facebook twitter instagram linkedin google youtube vimeo tumblr yelp rss email podcast phone blog search brokercheck brokercheck Play Pause
Volatility is Back Thumbnail

Volatility is Back

If you are feeling a little uncertain about the markets you are not alone. The S&P 500’s April return of -8.7% was the 14th worst month since 1970. You would have to go back to March 2020 (the very beginning of the pandemic induced Bear market) and September 2008 (the height of the financial crisis) to find worse months. In fact, September 2008’s decline of -8.9% barely eclipsed April’s descent. In addition, the US Dollar has continued to strengthen, which has had a negative impact on international equity returns. 

In fixed income, only cash has experienced a (slight) positive return over all time periods shown with 1-5 Yr TIPS increasing by 0.2% for the last 3 months and 2.7% for the last 1 yr. Yields have risen across the Treasury curve as expectations for interest rate increases mount.  For example, the 10-year Treasury rose from 2.32% on March 31 to 2.89% on April 29 and is now trading above 3%.  According to the Wall Street Journal, this was the largest monthly increase in the 10-year Treasury since December 2009.

Keeping things in perspective, a simple portfolio consisting of 60% MSCI ACWI and 40% Global Agg Hdg USD is down -10.7% through the first four months of 2022.  This same portfolio was down -12.6% for the first three months of 2020, the beginning of the global pandemic.  While no one likes to see negative returns, it is a good reminder to clients that we have been through tough markets in the recent past.

Despite the recent volatility, the 3 year return for the S&P 500 is still 13.8%, the 5 and 10 year are both 13.7%.  Periods of negative returns are common and expected, but don’t forget all the good periods too.

What is Causing the Volatility?

Uncertainty around the war in Ukraine as well as the Fed’s decision to increase interest rates is fueling the recent market decline. In response to the highest inflation we have seen in 40 years, the Federal Reserve is increasing interest rates and tightening the money supply. This is the best way to vanquish inflation and cool off the rapid rise in prices across all the goods and services we consume. The market is digesting this and has been volatile as a result.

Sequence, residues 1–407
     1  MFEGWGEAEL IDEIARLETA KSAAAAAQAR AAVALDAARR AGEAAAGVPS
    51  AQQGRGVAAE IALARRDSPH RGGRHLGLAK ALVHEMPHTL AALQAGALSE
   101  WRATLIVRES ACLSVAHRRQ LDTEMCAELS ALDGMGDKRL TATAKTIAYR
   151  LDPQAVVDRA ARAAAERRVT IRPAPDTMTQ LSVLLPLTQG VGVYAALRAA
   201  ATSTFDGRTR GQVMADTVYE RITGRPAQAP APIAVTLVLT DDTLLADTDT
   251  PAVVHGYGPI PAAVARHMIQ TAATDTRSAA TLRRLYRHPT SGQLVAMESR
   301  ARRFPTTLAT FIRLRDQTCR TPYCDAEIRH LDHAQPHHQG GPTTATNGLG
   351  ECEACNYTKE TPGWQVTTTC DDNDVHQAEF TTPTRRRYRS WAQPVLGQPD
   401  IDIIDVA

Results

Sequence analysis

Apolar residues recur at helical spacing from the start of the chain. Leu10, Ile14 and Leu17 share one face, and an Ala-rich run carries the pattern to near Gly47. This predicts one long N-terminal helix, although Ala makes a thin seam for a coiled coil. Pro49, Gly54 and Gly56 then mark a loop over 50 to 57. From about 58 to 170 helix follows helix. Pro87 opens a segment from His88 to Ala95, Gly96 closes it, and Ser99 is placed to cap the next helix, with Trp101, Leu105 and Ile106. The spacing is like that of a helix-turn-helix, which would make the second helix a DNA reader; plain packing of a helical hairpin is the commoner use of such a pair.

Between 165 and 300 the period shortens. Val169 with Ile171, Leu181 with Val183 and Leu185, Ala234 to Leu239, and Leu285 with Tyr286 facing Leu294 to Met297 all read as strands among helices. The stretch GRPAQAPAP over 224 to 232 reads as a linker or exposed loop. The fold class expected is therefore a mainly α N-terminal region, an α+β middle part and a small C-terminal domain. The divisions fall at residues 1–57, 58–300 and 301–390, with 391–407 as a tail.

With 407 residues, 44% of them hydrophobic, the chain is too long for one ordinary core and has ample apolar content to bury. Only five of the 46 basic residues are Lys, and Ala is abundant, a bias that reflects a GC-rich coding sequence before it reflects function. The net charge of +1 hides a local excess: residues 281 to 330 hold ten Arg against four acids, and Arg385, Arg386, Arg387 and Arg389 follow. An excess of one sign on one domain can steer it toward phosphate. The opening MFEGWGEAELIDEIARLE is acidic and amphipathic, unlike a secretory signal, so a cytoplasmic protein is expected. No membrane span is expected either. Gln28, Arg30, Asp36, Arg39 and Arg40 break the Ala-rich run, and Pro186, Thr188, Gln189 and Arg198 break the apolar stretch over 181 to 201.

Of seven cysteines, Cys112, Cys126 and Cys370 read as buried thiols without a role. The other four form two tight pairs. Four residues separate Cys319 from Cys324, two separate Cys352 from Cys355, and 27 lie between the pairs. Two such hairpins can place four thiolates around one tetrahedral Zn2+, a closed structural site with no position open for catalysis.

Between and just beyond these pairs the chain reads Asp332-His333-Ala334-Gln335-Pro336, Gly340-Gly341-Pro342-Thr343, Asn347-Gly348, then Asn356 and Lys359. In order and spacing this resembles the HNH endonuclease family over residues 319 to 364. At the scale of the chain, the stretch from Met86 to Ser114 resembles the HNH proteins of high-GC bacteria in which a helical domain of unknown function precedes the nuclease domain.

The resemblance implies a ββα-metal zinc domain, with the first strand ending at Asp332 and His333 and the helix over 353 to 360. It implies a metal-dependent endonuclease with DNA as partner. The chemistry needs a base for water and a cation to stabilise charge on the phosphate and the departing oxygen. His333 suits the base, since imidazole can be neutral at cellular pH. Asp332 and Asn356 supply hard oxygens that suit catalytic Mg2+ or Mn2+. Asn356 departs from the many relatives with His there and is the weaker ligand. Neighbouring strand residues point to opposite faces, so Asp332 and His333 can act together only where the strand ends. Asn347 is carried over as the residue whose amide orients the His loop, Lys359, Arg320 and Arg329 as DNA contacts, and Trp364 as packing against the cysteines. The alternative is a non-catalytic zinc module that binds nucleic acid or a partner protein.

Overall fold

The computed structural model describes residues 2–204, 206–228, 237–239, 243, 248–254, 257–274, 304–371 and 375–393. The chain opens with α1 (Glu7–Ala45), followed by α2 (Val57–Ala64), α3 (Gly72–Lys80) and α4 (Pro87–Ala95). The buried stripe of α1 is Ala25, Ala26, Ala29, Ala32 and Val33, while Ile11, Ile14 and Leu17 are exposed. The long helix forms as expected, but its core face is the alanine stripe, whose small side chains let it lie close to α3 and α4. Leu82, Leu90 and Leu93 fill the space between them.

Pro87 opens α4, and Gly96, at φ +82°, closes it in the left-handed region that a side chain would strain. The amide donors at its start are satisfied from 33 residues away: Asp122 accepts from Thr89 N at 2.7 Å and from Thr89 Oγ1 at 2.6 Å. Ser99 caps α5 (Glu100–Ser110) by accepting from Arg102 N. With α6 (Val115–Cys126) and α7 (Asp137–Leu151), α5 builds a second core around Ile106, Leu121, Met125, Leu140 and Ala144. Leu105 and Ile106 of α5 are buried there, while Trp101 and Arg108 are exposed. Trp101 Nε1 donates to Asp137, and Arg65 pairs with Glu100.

Some people think the stock market doesn’t go up when interest rates rise. Since 1983 we have experienced six periods of time when interest rates went up. The average return of the S&P 500 during those periods has been 9.5%.Another Catastrophist Myth Bites the Dust

What Should Investors do Now? Should we sell and go to cash because of the market decline?


When you look at things in perspective, the market has responded very well following periods of decline. In fact, the average return 1-5 years after a 10% decline is between 10-11% per year. If you sell and go to cash, you will not experience the periods of growth that tend to come right after market declines. The great companies of the world that you own are very resilient and are hard at work figuring out how to get through the current period. See below for some historical data on how the market performs after a 10% decline.

Sudden market downturns can be unsettling. But historically, US equity returns following sharp downturns have, on average, been positive.  A broad market index tracking data since 1926 in the US shows that stocks have tended to deliver positive returns over one-year, three-year, and five-year periods following steep declines. Cumulative returns show this to striking effect. Five years after market declines of 10%, 20%, and 30%, the cumulative returns all top 50%.  Viewed in annualized terms across the longest, five-year period, returns after 10%, 20%, and 30% declines have been close to the historical annualized average over the entire period of 9.8%.

In Conclusion

While market volatility is never fun to go through, it is a normal part of the investment process and also the reason why equity investors get paid so handsomely over the long term. This is a great time to be doing things like tax loss harvesting in your brokerage accounts as well as Roth conversions while the market is down as well as rebalancing the portfolio to keep it in alignment with your long term plan. Also, if you have cash on the sidelines, this is a great time to buy while the market is at a discount. We are hard at work taking advantage of the volatility to help you create a better outcome over time.

Additionally, we remain optimistic about the US economy and the long-term prospects of the market. Personal net worth is at an all- time high, corporate earnings remain strong and the economy is still doing well. Companies are starting to buy back their own shares which tends to be a driver of growth for the market as well. It is important to remember that a financial plan prepares you for both the good times and for downturns. While a downturn is possible, there’s also a chance the market may not move lower than where it is today. Either way, your plan has been stress tested for times such as these which should give you confidence that you will get through this. 

If you have concerns or questions, please feel free to contact our office. We are happy to have a conversation with you.